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Good Governance Talks

Through the Good Governance Talks, the Bedrosian Center explores issues relating to effective governance. This is a great opportunity for students and faculty to meet and engage with researchers and encourage active participation between speakers and audience in order to foster discussion and an exchange of ideas.


Matthew Zarit:  Lost in Translation: How Bureaucratic Hierarchies & Policy Networks Limit Presidential Control

As the power of the presidency has grown, most research has suggested that presidents maintain strong control over federal agencies. Yet, this conclusion fails to consider the impact of the sprawling hierarchy on controlling bureaucracy. Matt Zarit uses federal contract awards to show how organizational hierarchy limits presidential power over the distribution of federal spending.

Matt Zarit is a Ph.D. candidate in Political Science at the University of Pittsburgh.  He previously worked a manager of employee evaluation for the Pittsburgh public schools.  As a contractor, Matt worked with government clients at the state and federal level.  He holds a Masters of Public Policy and Management from Carnegie Mellon University.  His dissertation focuses on how organizational hierarchy influences decision making in the federal buraucracy.  His research interests include government contracting, leadership in bureaucracies, organizational theory, presidential power, and agency legitimacy.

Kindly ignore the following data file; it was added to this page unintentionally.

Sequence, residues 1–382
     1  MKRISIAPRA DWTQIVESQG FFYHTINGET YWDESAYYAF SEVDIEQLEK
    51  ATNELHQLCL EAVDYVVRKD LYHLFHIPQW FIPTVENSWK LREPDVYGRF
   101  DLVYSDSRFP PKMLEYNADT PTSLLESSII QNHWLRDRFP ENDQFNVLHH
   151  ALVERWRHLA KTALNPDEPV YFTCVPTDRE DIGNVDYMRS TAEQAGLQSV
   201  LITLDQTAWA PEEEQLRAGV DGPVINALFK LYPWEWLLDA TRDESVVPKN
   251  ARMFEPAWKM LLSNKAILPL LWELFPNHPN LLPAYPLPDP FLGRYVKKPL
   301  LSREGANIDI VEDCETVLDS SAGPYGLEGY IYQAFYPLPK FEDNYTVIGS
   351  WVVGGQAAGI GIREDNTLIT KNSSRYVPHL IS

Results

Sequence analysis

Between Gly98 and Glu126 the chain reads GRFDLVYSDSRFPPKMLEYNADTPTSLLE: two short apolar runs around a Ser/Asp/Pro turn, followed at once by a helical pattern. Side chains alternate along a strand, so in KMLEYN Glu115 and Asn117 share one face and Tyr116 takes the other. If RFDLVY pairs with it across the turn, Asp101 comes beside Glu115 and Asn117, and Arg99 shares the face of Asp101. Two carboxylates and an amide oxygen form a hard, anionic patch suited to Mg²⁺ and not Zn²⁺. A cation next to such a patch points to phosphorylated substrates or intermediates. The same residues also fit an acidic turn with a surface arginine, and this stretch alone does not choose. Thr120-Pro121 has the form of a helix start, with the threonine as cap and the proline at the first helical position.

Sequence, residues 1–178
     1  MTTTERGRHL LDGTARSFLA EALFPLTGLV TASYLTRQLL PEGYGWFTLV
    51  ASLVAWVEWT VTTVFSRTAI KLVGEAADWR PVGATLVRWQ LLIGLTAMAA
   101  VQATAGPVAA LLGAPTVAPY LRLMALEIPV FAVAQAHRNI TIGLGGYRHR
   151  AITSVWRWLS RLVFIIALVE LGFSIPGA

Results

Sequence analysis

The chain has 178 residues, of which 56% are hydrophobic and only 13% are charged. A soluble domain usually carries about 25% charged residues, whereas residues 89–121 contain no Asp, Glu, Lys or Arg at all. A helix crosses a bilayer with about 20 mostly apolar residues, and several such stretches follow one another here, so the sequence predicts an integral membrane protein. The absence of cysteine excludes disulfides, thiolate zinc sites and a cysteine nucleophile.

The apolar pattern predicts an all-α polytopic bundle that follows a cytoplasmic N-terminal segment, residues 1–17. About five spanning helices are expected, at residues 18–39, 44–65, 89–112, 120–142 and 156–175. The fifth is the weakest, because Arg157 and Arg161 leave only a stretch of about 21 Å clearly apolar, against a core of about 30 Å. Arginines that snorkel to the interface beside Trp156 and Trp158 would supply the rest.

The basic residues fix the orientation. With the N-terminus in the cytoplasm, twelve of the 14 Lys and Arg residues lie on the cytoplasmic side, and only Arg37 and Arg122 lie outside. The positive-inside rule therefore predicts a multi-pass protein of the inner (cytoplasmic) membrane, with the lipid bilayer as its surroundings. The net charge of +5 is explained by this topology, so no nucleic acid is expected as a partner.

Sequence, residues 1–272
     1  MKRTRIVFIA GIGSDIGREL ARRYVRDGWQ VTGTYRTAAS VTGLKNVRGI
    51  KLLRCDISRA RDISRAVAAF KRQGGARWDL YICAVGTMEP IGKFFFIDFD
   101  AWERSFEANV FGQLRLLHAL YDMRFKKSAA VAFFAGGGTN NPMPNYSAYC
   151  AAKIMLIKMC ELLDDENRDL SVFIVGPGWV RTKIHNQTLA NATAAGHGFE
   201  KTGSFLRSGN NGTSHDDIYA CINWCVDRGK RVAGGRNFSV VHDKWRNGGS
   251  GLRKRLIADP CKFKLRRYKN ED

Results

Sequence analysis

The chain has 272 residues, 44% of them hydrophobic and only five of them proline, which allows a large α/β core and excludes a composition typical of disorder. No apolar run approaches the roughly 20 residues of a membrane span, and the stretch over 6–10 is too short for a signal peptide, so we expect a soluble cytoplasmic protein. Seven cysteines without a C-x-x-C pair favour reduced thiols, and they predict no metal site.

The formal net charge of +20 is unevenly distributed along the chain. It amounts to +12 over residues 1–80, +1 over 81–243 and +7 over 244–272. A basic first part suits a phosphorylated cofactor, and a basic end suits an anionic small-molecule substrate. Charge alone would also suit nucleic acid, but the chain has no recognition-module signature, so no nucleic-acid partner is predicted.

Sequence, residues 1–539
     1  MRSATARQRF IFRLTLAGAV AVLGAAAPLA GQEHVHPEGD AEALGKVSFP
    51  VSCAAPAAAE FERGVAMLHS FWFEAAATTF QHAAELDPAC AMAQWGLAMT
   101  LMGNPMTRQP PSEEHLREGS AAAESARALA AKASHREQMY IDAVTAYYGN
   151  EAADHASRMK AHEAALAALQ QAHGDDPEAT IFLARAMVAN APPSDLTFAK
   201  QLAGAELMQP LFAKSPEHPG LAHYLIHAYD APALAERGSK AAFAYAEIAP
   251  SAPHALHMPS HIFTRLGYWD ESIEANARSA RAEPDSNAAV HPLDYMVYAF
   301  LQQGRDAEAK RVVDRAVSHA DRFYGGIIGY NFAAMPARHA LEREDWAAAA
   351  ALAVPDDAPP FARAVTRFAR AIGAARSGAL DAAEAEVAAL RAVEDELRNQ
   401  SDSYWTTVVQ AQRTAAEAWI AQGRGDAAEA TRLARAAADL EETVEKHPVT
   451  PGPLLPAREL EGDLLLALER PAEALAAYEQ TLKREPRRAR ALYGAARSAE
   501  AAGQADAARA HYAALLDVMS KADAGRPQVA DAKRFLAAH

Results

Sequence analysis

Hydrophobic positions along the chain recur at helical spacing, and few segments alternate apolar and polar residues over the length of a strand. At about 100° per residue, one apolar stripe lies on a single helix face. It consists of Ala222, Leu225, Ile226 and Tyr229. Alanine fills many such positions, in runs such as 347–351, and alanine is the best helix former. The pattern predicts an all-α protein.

Jeff Nugent:  Perceptions of Corruption and Actual Corruption among Firms: To What Extent Can They be Reduced by Good Governance?

Jeff Nugent, USC professor of Economics at Dornsife College of Letters and Arts, teaches Development Economics.  Nugent researches institutions and development, the political economy of growth, small- and medium-sized manufacturing enterprises, contractual choice, old age security and fertility and regional (supranational) coordination of industrial development in developing countries.


Given the difficulties of measuring actual corruption, much attention in the literature has been devoted to perceptions of corruption. So too, in examining the determinants and effects of corruption, much attention has been given to the existence of various different kinds of regulations and the quality of governance. This paper attempts to distinguish between the effects of the various factors potentially affecting both perceptions of corruption and actual corruption reported by individual firms including different governance characteristics, regulations (various required permits) as well as firm and industry characteristics. Firm-level data for over 110,000 firms from 135 developing and transition countries taken from the Enterprise Surveys of the World Bank are used to estimate the various determinants of both perceptions of corruption and actual engagement in corruption (“gift-giving”) by firms. The results show both important similarities in, and differences between, the effects on firm perceptions of corruuption, on the one hand, and actual corruption, on the other, of (a) six different Governance Indicators, (b) various different firm characteristics and especially (c) interactions between the two.  Implications for policy and further research are derived.


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